Every Washington state school should be teaching every child about CS.
Why teach CS?
There are many reasons:
Access and engagement in CS learning is an equity and justice issue. Most youth in our state do not have access and if even they do, they do not engage. Engagement in classes is often shaped by myths that only some students can learn CS, leading to great disparities in knowledge and opportunities for girls, students of color, and students in rural communities.
There are stable, high-paying jobs in computing that most Washington state youth never learn about.
Computing is reshaping society; understanding computing is key to being an engaged citizen.
Computing skills are valuable in nearly all professions, even if youth don't pursue software engineering careers.
Parents want to their children to learn CS.
CS is a compelling new area that many teachers are interested in learning to teach.
CS often uses active learning pedagogy and project-based approaches that can enhance school pedagogy
CS promotes 21st century skills like creativity, collaboration, and communication.
Additionally, in 2019, the Washington state legislature passed SB 5088, which requires all secondary schools to offer a computing elective available to all students by the 2022-2023 school year.
Is there funding to support CS teaching?
Yes. The 2017 Washington State Legislature allocated $1,000,000 of the general fund in Fiscal Year 2018 and $1,000,000 in Fiscal Year 2019 for computer science education (ESSB 5883, Sec. 501, 35). These funds are designated for teacher training and credentialing in computer science; technology upgrades needed to learn computer science; and engaging students in computer science. See the OSPI grant website for details.
There are also ways to get volunteer teaching support. For example, you can apply for your school to be a Microsoft TEALS partner. TEALS will professional development and volunteers with CS backgrounds to support teaching.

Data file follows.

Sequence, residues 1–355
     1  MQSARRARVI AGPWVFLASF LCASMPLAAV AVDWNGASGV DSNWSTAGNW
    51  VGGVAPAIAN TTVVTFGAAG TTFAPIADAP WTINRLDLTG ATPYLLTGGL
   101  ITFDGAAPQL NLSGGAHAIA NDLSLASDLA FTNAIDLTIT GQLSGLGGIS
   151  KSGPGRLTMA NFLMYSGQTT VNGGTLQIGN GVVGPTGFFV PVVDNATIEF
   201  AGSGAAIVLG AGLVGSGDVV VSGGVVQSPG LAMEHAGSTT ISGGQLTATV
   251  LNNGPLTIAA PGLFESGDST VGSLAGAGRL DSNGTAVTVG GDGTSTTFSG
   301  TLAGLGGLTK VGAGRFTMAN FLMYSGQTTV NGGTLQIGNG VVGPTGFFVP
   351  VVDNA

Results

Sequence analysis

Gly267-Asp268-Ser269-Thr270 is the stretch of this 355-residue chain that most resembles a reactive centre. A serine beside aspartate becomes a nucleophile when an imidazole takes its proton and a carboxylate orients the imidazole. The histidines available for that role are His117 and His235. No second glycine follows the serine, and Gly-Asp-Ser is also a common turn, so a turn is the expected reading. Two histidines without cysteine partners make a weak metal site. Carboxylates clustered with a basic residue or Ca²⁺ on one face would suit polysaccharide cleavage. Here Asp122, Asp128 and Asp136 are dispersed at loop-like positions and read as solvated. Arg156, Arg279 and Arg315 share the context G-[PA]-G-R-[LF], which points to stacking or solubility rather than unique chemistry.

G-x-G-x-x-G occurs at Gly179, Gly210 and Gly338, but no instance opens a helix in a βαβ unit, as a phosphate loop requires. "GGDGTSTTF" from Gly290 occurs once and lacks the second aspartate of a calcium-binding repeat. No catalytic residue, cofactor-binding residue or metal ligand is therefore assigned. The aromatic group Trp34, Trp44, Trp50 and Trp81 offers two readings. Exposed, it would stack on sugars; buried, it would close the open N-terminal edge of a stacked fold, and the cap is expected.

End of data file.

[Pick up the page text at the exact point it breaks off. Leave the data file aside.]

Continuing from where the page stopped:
Do we need computers for every child to teach CS?
Despite its name, computer science isn't about computer hardware, it's about computer software. Therefore, there are many effective ways to teach computing topics without computers. See the popular collection of CS Unplugged materials for examples.
How can I learn more about teaching CS in my school or district?
OSPI has prepared an extensive guidance document on teaching CS, which covers:
The state's definition of computer science (and how it's different from educational technology, and technological fluency)
The state CS learning standards
Guidance on implementing CS in your school
Requirements for reporting CS teaching in your school to OSPI, including STATE course codes and CTE CIP codes
Details about the state requirement that high schools offer access to CS electives
Additionally, the national non-profit CS for All has trained many of the ESD facilitators in our state to offer school and district level trainings. (You can learn more about the training they received in summary of the training). Find your ESD coordinator and reach out to ask for 1- or 2-day workshop to develop a strategic plan.
The Computer Science Teachers Association also has an excellent guide for state, school, and instructional leaders, which has many guidelines for recruiting, hiring, and retention of CS teachers and teacher standards to incorporate into hiring criteria.
What curriculum do you recommend?
We don't endorse any particular curricula—every school and district is different—but here are some of the curricula being used nationwide.
Code.org offers K-12 curricula and professional development.
LaunchCS works with teachers, schools, districts, and state-level organizations to provide professional development for K-8 educators.
Quorum offers an AP CS Principles curriculum that is screen-readable, making it accessible to students who are blind, low-vision, or have other disabilities that require them to use screen readers.
Project Lead the Way has a CS curriculum.
Bootstrap integrates with algebra, physics, and data science.
BootUp offers elementary curriculum and professional development.
TEALS partners with high schools to offer intro, AP CS A and AP CS Principles courses.
Beauty and Joy of Computing is a curriculum for AP CS Principles.
Exploring Computer Science is a year long, evidence-based introductory high school curriculum.
Mobile CSP is a mobile development oriented AP CS Principles curriculum.
Apple has K-12 curriculum based on its Swift programming language.
Scratch Creative Computing is a curriculum based on the Scratch programming environment.
Where can I learn more?
California has prepared an excellent guide for administrators, which answers questions such as:
What does equity in CS mean?
Who should lead CS initiatives?
Does CS have learning standards?
What's an appropriate course sequence?
What about data science?
Some of the answers are specific to California, so if you have any questions, reach out to our team.